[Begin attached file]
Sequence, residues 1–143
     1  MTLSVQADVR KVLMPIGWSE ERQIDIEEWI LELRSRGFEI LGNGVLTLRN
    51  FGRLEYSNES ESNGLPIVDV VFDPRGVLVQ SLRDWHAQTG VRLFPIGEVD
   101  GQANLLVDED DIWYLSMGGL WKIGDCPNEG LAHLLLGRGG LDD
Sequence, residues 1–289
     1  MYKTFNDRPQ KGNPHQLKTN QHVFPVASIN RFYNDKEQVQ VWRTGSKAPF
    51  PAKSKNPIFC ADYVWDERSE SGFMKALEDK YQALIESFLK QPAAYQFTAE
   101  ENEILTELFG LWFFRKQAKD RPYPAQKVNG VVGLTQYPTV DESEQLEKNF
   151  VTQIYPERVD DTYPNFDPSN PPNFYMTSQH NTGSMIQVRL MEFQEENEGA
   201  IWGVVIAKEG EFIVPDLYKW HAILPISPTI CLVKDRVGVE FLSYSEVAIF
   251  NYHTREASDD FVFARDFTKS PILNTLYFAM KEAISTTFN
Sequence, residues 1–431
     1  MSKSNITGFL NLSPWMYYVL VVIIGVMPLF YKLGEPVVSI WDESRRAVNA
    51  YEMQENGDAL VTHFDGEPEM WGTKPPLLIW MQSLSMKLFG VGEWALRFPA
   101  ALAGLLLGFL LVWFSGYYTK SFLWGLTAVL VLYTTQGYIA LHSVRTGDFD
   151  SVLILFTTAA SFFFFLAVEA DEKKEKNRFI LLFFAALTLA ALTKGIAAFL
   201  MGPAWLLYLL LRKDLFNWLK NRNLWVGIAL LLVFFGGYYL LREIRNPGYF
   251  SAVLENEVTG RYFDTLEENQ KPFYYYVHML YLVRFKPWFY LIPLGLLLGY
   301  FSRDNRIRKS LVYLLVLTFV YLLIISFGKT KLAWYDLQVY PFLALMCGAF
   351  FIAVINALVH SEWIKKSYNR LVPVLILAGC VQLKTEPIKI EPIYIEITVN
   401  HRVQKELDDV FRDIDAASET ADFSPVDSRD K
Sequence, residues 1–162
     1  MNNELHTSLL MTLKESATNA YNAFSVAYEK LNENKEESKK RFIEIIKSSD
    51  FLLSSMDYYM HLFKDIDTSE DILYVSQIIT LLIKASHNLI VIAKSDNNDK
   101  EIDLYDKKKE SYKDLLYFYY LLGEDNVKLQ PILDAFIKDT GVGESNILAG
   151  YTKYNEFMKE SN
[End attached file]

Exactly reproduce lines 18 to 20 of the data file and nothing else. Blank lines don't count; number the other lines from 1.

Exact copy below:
   251  SAVLENEVTG RYFDTLEENQ KPFYYYVHML YLVRFKPWFY LIPLGLLLGY
   301  FSRDNRIRKS LVYLLVLTFV YLLIISFGKT KLAWYDLQVY PFLALMCGAF
   351  FIAVINALVH SEWIKKSYNR LVPVLILAGC VQLKTEPIKI EPIYIEITVN